In December 2014, Yem Chrin, an unlicensed Cambodian doctor, was charged with murder. By reusing the same syringe, he had infected over 270 people in a remote community in the Battambang province, from the ages of two to 82, with HIV.
While many instances may not be so high-profile, reusing syringes is a major way HIV and other diseases can be transmitted. A 2014 WHO report estimated that in 2010, as many as 33,800 people were infected with HIV, up to 1.7 million with hepatitis B virus, and 315,000 with hepatitis C virus, through the reuse of syringes in healthcare settings.
"In some countries where resources are very limited, it became clear that people were reusing syringes," Lisa Hedman, project manager at the World Health Organization, told me. "There was an ingrained belief that you could use the same syringe for members of the same family and that it didn't matter [...] When you're bringing healthy people into a facility and injecting them with something to help them not get sick, if you send them away with a disease that's actually pretty terrible."
In February 2015, the WHO issued a policy that urged all nations to switch to the use of "smart" single-use syringes by 2020. These are syringes that are specifically engineered with a metal clip to prevent the plunger from being pulled back after use, or which have a weak spot in the plunger that makes it break if someone attempts to reuse it. The transition could potentially help save millions of lives.
Marc Koska, founder of the company Star Syringe and inventor of the K1 Auto-Disable syringe—which breaks after a single use, and which he has been working on for the past 31 years—thinks the policy will put more pressure on syringe manufacturers to start producing smart syringes.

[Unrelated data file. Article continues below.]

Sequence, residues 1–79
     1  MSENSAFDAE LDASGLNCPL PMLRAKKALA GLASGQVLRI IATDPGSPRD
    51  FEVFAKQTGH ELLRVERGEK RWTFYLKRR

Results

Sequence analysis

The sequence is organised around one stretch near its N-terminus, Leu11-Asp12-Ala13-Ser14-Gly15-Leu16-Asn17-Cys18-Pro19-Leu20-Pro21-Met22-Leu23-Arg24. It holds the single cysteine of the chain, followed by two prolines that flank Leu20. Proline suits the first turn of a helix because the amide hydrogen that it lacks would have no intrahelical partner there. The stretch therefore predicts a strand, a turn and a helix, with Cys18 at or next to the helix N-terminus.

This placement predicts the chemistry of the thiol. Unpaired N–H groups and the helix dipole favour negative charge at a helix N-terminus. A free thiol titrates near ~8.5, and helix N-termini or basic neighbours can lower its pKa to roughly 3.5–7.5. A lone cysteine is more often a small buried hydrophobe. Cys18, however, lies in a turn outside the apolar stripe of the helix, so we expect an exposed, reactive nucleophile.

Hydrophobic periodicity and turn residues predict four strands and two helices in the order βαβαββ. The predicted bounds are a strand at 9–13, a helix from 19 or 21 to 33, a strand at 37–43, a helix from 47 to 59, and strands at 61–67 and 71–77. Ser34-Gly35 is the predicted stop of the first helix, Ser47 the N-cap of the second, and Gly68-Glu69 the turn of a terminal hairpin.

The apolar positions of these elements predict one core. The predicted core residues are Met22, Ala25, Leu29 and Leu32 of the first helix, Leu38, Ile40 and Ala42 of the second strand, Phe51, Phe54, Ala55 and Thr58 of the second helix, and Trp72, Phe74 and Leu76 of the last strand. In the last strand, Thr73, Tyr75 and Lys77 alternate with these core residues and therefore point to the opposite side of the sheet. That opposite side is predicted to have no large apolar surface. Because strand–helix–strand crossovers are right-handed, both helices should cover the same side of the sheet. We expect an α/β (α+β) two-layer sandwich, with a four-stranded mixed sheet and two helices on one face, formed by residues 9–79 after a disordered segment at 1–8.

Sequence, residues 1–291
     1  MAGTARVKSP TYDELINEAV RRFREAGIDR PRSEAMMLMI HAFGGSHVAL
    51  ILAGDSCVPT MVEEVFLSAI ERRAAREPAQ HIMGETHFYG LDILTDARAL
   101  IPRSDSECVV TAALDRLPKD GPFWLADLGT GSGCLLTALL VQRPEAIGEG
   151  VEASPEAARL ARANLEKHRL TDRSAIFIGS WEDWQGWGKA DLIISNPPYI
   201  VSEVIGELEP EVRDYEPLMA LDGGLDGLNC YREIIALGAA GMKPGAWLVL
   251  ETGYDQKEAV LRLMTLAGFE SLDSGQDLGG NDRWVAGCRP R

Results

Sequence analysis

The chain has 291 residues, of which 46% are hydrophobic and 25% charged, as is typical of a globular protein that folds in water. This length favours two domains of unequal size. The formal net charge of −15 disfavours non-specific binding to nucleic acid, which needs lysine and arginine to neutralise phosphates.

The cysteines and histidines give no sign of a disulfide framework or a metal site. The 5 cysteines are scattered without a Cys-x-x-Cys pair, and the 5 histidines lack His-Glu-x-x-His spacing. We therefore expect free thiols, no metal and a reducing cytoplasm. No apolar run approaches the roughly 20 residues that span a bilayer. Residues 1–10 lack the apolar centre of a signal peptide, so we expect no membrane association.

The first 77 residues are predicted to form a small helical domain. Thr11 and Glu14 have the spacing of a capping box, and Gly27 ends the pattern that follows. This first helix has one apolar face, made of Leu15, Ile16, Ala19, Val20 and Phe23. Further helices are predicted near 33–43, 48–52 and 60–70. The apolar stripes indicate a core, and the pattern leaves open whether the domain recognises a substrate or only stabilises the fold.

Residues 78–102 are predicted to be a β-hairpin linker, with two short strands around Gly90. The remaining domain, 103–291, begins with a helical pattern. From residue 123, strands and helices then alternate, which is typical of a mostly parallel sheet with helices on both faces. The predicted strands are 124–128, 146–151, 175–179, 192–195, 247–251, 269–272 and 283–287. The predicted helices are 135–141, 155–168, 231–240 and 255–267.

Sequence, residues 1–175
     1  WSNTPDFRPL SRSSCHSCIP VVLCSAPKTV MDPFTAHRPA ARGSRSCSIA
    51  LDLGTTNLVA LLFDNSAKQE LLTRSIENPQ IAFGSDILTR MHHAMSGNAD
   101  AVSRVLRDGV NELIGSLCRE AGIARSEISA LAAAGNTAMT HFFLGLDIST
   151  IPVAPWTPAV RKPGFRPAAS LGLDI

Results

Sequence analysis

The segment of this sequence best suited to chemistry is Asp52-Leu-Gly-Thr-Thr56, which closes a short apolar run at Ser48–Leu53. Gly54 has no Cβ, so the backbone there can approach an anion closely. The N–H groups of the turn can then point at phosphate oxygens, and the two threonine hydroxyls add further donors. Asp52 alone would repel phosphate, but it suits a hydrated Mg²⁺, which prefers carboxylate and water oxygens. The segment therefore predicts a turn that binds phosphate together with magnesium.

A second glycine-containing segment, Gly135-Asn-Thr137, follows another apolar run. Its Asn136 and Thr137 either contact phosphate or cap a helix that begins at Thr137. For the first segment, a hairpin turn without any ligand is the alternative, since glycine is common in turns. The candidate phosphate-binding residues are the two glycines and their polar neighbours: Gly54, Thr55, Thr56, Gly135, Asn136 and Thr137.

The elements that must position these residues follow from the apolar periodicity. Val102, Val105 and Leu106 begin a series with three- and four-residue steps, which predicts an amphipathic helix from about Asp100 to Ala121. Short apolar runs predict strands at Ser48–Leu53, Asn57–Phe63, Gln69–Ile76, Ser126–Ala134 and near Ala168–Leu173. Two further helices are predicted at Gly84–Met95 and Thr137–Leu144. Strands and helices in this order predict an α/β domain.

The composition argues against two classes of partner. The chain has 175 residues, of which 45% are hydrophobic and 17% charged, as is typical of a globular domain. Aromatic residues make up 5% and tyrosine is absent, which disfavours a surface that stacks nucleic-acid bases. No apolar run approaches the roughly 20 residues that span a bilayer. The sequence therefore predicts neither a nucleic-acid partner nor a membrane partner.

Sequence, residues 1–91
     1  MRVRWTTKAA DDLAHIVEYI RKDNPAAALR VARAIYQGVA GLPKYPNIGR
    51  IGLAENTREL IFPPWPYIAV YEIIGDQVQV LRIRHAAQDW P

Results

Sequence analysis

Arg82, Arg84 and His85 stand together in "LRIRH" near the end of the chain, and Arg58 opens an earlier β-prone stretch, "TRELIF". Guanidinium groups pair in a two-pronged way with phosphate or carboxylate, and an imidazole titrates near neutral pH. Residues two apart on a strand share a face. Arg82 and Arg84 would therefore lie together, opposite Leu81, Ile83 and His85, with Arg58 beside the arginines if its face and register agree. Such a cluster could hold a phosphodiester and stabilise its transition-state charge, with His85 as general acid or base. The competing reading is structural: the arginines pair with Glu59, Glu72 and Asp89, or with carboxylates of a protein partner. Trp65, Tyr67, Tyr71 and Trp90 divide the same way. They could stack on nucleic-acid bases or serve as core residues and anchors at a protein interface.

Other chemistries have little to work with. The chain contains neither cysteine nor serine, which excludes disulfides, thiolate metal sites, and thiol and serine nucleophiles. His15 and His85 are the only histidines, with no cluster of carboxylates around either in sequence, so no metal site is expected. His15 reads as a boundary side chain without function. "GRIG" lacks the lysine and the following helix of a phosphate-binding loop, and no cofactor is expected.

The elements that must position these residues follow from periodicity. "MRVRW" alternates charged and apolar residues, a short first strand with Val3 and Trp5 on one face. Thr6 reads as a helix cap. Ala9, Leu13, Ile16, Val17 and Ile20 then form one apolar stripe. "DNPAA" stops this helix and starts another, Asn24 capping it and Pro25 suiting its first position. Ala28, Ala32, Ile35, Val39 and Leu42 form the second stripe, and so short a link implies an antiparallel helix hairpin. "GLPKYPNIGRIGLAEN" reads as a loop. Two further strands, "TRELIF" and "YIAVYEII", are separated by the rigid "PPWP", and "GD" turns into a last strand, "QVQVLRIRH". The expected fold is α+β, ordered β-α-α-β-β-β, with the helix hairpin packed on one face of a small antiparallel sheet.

"The WHO's global policy has been a massive step forward because now we're able to say to manufacturers: 'Number one, you've got to do it; number two, you've got to do it otherwise you look like you're negative; and number three, you've got to do it because that's the only product being paid for by the international donors," Koska told me over the phone.
"Most healthcare workers who do reuse syringes are really decent people, but the system forces them to."
While a regular syringe's plunger can be moved up and down without a hitch, Koska's smart syringe has two specifically engineered parts. A small valve mechanism is moulded into the front end of the plunger, and a ring-like device is placed inside the wall of the barrel. Once an injection is administered, the two lock together, any excess force causing the plunger to snap in half.
This prevents reuse of the syringe. Currently, reuse is caused both by lack of awareness, but also when external factors such as governance, infrastructure, and corruption affect the supply of syringes to locations in the developing world.
"Most healthcare workers who do reuse [syringes] are really decent people, but the system forces them to," said Koska. "If the shipment gets lost or destroyed on the way and you're 500 miles away from the warehouse and you're in Sudan, or in Congo, what do you do when you've only got 12 syringes and 200 customers? Their choice is really very limited."
Hedman also pointed out the discrepancy between supply and demand as a key determining factor for syringe reuse.
"There's a lot of wild west advocacy where people say, 'Surely people should be willing to pay for a syringe if they're willing to pay for airtime on their mobile phone,'" said Hedman. "But that's not really the question. The transport and storage costs for syringes are actually enormous [...] it's not necessarily whether it's affordable to the patient or the consumer; for the patient to actually pay for that service and say 'yes, I'm actually going to buy a syringe'—it actually has to be there for them to purchase."